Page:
We are busy working on the UKUUG Linux conference being held on 29th June - 1st July which will be held in Manchester. There are further details below.
The UKUUG council has been conducting meetings so far this year by phone-conferences. Given the problems with the trains, weather etc. the phone-conferences seem to work well, although it is quite difficult sometimes to organise times etc. that suit everyone.
On 15th March the first face-to-face Council meeting of 2001 will take place in London.
The UKUUG 'committees' set up to concentrate on various topics still have places if you feel you would like to get involved.
Committees are being formed for the following: Newsletter, Events, Schools and Linux - if you would like to get involved please contact the Secretariat.
( Roger Whittaker)
When I joined SuSE Linux a year ago after twenty years as a teacher, it's not surprising that one of the projects I was particularly keen on was that of trying to interest schools in using Linux. My own interest began with a project to create a network at the small school where I was Deputy Head (the Hellenic College of London in Knightsbridge). Originally this project was to be carried out by an ex-student who had completed a research degree and had come back to help us with a little part-time teaching. The idea of using Linux (in fact we originally opted for FreeBSD, but switched to Linux for various practical reasons) was his - the project very soon became mine when he was offered a very good job with a consulting company. I had to learn very fast, but, as they say, I haven't looked back ...
In January 1999 I was at the BETT educational IT show at Olympia (the main IT trade show for schools each year). I noticed that there was no Linux or Unix of any kind there at all. By this time I was firmly convinced of the benefits of Linux to schools and even considered the question as to whether it might be possible or practical to hire a space next year there on my own behalf or with the help a LUG to promote Linux to teachers.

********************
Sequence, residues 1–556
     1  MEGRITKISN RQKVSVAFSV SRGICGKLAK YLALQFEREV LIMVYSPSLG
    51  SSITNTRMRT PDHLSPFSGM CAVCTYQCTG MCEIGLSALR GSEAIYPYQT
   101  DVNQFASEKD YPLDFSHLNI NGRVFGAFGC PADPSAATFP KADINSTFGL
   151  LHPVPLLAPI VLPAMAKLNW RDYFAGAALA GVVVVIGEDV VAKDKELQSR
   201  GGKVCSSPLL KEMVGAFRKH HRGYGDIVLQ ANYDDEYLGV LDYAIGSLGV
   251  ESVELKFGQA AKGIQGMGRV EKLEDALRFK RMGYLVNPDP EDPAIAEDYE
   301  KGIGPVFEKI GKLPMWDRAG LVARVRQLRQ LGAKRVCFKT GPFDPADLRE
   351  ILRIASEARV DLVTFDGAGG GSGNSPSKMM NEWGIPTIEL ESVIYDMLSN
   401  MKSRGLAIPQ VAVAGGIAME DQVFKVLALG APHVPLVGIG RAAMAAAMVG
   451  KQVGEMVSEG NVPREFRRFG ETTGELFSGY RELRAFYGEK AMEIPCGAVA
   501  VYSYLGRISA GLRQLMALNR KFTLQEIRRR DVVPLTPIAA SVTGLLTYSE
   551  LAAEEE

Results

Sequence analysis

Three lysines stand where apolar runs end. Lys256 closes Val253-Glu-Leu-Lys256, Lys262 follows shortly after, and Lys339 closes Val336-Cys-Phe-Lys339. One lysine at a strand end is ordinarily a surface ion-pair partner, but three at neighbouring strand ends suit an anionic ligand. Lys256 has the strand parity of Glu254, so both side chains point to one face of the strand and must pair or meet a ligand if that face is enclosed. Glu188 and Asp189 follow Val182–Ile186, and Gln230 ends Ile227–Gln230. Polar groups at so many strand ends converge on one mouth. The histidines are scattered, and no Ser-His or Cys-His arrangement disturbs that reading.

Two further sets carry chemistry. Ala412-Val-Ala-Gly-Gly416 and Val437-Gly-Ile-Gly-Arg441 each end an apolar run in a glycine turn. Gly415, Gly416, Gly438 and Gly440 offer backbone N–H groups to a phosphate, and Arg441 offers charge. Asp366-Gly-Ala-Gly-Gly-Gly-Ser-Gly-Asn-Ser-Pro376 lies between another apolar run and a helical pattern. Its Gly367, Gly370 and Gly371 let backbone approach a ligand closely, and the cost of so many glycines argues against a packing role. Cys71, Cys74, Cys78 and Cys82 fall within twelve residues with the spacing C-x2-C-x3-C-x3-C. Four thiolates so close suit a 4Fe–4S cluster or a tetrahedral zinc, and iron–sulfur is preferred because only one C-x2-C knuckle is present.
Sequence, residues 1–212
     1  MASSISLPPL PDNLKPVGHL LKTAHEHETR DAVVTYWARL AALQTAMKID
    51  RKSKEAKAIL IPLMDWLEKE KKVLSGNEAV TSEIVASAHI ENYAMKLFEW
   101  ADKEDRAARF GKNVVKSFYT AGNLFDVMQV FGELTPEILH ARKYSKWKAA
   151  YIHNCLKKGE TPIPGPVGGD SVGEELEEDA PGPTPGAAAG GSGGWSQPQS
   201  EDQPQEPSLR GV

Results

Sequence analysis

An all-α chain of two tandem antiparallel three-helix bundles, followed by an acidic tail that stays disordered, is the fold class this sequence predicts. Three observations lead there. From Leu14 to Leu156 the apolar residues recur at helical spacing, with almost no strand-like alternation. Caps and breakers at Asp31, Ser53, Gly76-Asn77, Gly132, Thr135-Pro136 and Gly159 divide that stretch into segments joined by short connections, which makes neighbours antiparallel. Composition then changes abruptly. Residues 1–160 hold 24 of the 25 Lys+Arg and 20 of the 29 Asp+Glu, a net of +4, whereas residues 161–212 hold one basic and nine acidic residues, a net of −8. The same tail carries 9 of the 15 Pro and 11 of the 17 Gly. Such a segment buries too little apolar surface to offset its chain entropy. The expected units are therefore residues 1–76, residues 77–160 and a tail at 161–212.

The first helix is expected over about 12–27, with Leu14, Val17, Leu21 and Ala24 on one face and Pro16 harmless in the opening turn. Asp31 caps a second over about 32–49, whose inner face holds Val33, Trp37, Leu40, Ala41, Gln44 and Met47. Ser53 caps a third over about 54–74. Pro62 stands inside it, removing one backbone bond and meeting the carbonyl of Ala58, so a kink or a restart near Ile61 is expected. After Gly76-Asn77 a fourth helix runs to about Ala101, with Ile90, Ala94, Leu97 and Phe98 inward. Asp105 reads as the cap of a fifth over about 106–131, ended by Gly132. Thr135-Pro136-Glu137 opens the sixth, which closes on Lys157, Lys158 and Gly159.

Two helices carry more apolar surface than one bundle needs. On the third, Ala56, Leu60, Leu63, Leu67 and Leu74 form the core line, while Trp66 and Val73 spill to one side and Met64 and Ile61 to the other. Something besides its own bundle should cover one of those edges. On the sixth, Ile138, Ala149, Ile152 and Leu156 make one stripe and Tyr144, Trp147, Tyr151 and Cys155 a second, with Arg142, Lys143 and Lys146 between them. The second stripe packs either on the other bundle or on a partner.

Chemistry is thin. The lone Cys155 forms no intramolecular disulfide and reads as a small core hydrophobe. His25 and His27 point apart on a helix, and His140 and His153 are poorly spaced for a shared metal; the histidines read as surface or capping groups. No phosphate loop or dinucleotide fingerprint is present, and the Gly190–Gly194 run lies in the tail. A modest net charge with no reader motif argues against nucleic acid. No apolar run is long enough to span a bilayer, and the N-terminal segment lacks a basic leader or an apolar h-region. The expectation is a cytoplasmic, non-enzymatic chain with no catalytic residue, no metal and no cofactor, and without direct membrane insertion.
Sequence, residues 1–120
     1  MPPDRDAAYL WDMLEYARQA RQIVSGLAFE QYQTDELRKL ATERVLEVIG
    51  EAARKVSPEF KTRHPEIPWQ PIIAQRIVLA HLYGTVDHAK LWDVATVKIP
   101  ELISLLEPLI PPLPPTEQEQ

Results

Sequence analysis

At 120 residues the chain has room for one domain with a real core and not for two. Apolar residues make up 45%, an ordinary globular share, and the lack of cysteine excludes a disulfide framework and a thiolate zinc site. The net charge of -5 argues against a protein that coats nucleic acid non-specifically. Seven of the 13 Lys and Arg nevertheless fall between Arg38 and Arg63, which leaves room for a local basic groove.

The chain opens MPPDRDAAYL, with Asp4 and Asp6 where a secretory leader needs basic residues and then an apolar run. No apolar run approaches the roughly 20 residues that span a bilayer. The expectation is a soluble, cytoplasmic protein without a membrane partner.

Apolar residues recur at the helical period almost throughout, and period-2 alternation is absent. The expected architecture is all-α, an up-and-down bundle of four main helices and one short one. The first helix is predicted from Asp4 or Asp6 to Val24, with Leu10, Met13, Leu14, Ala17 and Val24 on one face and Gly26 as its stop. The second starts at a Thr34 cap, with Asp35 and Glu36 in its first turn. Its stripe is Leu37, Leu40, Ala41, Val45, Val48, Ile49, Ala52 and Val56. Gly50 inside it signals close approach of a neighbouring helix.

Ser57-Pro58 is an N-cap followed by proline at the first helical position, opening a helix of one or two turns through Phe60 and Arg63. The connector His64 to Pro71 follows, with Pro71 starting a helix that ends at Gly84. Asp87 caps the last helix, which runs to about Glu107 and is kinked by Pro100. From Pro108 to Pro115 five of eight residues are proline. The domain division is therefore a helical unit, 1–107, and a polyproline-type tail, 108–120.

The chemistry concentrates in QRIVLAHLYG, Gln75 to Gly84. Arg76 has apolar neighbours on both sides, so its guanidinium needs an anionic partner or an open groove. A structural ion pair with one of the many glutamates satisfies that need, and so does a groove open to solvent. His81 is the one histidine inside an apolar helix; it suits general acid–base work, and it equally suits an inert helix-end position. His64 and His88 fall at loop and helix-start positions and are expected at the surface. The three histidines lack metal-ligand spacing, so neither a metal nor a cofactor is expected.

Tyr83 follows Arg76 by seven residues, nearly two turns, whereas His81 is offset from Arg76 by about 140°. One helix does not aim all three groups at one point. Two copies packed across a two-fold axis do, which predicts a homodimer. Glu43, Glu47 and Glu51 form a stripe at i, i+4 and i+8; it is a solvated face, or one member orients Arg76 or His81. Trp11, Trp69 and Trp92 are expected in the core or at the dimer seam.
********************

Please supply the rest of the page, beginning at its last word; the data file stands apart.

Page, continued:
By January 2000 I was working for SuSE and was at the BETT show on our stand (having suggested before I joined that this would be a useful place to be). There was an enormous amount of interest from teachers and school network managers - we were rushed off our feet keeping up with the questions from them. Most of those who stopped at our stand had heard of Linux, but didn't really know what it was. Others had not heard of it at all.
At this year's BETT there was a similar degree of interest in Linux, but the increased general awareness which had come about with the passage of time was very noticeable. The questions we heard were not so much about 'what is it?', and more about 'what can we do with it?' or 'how easy is it to learn?'.
As a result of the interest that we found at BETT 2000, we decided to run a direct promotion to schools whereby they could obtain a full boxed copy of SuSE Linux for half price. This promotion had a remarkable take-up rate: it was clear that there were a large number of teachers and network managers in schools who were seriously looking for alternative ways of doing things. This interest continues to grow, paralleling the growth of interest in Linux more generally. This growth of interest springs firstly from the 'grass-roots': however, there is now a growing awareness of Linux on the part of those whose job it is to advise teachers and schools on their use of IT.